Money simply allows smart young Americans, like my brother and his peers, to justify spending an additional four-to-ten years after college holed up in a library or in a grueling residency program just to graduate with $160,000 in debt (the median debt load for medical school grads according to a 2010 Mayo Clinic study).

There are 70 million baby-boomers out there who will be looking for geriatricians soon. But there is only one geriatrician for every 2,600 Americans over the age of 75, according to the American Geriatrics Society. Why is this? Money. Geriatricians made a median salary of $183,523 in 2010, reports the Medical Group Management Association. America desperately needs more geriatricians, but young doctors are choosing to specialize in other areas because they can earn two-to-three times more.

Money is a suitable incentive, especially when you are asking people to give up their youth studying while amassing debt. But Obamacare removes the practical “profit motive” of capitalism and replaces it with the idealistic “poverty motive” of socialism.

A Better Way

I think trying to save something that is hopelessly broken, like Medicare, is a mistake. Ultimately, I think it’s a choice between complete government control over limited medical care resources or a more freedom-based system where prices are lower because competition exists and health insurance is actually insurance (now, insurance covers basic, common care which is ridiculous and causes overall healthcare costs to rise). Insurance should only be involved in major medical care; otherwise, it’s not insurance, it’s maintenance.

When it comes to medicine, you get what you pay for. As patients, I think we should be willing to pay a little more in exchange for the highest quality of care. Sorry, President Obama, but your plan is “JurassicParkCare”—doctors go extinct and their patients go untreated while your buddies in Hollywood cheer.

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Comments...

  1. sadeci0 says:

    You allude to this, but doctors need to be able to choose exactly what type of care (treatment, medicine, services by other health professionals) their patients need. They will have more of these decisions taken from them. Think about working hard to get into medical school, going through several ridiculously demanding years of school, internship, residency, fellowship … only to be told you are limited in deciding how to treat patients. The quality of health care WILL digress!

  2. Lodzia says:

    All I can say is that we should pray for our current docs and future docs…especially our future doctors.
    Anyone going into medicine in this day, and in the future, is not going into it for the high buck. These med students are taking out a ton of loans to educate themselves in order to take care of all of us. I just pray that they all have the guts and ability to not get sucked into socialized medicine.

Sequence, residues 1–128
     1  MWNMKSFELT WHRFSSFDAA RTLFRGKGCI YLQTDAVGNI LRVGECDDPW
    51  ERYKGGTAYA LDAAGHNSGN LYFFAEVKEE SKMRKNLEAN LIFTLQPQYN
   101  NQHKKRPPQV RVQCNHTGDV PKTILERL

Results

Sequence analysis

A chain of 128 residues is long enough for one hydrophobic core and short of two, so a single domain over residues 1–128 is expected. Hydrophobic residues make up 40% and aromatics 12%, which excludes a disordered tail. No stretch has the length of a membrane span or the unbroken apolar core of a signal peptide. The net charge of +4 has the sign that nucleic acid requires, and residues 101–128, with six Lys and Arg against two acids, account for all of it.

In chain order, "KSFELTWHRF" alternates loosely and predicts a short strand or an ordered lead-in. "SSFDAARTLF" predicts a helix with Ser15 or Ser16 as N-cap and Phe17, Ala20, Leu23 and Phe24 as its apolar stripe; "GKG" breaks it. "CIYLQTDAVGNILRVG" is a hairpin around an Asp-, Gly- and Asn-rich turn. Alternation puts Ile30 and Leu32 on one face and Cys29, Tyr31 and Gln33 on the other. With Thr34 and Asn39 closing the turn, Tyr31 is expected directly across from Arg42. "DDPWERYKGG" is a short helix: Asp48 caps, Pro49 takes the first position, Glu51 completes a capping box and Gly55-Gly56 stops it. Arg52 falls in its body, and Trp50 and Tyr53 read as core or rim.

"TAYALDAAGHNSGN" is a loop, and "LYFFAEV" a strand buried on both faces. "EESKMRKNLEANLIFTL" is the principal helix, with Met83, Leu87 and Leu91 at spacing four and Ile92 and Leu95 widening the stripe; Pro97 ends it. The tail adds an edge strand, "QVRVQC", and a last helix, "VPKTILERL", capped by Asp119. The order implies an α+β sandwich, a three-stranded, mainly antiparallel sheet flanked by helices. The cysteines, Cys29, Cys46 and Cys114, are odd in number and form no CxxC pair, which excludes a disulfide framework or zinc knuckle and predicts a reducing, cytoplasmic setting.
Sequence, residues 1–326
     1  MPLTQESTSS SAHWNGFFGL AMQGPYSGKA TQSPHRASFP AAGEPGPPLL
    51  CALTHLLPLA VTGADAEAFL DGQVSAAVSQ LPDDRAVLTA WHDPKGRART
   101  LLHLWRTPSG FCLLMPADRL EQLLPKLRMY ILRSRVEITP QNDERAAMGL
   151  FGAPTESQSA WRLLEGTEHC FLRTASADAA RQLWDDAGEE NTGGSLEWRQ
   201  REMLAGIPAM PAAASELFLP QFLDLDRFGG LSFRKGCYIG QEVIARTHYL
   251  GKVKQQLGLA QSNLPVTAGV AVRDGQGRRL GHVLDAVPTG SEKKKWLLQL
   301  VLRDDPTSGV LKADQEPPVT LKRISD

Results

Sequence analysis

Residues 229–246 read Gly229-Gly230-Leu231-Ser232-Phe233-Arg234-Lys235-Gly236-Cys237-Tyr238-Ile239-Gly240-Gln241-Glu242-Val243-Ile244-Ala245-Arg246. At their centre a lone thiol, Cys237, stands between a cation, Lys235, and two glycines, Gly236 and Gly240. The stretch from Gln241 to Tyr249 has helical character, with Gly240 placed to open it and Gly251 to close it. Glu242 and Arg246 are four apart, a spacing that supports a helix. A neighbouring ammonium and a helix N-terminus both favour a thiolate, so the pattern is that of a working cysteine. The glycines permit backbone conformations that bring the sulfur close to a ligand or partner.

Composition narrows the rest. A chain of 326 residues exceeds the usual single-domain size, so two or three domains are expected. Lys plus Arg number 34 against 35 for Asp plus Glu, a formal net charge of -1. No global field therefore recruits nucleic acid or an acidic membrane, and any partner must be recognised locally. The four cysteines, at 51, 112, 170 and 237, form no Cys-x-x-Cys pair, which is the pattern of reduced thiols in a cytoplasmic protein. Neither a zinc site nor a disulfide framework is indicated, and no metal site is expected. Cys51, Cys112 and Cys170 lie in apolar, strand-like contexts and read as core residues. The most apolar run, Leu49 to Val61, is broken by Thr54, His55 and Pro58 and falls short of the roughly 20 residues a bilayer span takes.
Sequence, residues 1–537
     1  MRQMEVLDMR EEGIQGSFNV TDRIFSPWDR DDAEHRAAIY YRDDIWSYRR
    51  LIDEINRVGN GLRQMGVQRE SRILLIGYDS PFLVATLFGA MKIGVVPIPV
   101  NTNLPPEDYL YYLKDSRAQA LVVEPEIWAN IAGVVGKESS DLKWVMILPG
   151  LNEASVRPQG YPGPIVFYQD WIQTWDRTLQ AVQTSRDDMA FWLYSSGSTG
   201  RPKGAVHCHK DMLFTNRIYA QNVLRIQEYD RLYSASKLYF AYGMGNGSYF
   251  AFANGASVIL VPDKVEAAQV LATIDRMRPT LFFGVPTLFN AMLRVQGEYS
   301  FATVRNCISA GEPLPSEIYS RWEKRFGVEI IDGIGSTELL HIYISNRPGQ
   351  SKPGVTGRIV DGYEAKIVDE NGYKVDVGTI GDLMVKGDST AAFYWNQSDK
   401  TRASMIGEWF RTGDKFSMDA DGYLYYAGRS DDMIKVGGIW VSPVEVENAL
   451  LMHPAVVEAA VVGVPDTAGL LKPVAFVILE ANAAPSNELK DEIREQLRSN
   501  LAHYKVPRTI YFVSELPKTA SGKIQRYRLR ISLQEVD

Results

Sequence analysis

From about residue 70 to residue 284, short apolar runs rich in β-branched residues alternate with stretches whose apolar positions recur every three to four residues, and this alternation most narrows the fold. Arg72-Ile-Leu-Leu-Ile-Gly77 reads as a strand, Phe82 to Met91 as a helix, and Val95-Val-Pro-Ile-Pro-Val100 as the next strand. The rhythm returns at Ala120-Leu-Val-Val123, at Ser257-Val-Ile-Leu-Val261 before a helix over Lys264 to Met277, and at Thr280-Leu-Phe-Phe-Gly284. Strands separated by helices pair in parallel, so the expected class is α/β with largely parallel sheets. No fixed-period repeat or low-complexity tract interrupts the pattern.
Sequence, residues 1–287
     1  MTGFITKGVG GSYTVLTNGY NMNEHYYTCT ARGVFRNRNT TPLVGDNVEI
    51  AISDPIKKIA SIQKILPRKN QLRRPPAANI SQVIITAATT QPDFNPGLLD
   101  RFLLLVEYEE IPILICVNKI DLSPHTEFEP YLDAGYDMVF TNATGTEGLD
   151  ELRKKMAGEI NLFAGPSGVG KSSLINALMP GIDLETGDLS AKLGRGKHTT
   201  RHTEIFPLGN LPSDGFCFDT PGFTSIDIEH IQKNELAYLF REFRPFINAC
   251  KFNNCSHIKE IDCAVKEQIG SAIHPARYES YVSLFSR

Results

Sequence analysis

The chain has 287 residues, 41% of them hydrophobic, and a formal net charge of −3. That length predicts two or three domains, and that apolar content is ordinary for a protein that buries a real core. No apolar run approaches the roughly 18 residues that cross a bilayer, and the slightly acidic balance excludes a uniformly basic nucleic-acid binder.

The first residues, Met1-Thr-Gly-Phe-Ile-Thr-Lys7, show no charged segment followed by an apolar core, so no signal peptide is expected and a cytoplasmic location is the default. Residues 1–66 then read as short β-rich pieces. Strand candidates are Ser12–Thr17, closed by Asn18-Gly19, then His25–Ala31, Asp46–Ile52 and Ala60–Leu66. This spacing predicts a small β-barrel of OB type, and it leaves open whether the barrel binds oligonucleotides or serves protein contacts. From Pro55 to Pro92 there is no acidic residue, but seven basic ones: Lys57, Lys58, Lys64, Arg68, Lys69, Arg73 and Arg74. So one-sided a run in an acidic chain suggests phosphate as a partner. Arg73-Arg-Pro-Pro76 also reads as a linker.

You always write really good articles, Katie…keep it up, girl!

  3. Peyton says:

    Great article, Katie! Thanks for sticking up for docs and patients!

  4. unaccounted4 says:

    One thing I haven't heard mentioned much…according to the Surgeon General, we have an obesity epidemic in this country. Go to a public place where people are and you will notice this is true ( especially in the South where I live). Obesity causes a hosts of health problems, some mild and some chronically serious. This creates an added burden on an already understaffed medical community. Katie is right about people becoming discouraged about careers in medicine.

  5. Kris says:

    Terrific column, Katie! I love everything you write. This is such an important topic and we need to act now in order to reform the system.

    I hope your readers are encouraged to get involved at their local levels — even if you aren't a politician, you can make a big difference!

  6. dmaul says:

    Quoting Ayn Rand's Atlas Shrugged, I love it.

    • Kris says:

      I agree! 🙂

      • alan says:

        Medscape.com/features/slideshow/compensation/2012 gives current info on drs salaries (NOT A PROBLEM!) Ocare has lots of problems, clearly not a cure-all, but physician salaries is THE LEAST of our problems (as stats show)…their educational expense is outofcontrol/outrageous/unjustifiable–but so is the price of medical practice and medicine…the fact is current medical practice finance is unsustainable, as is education.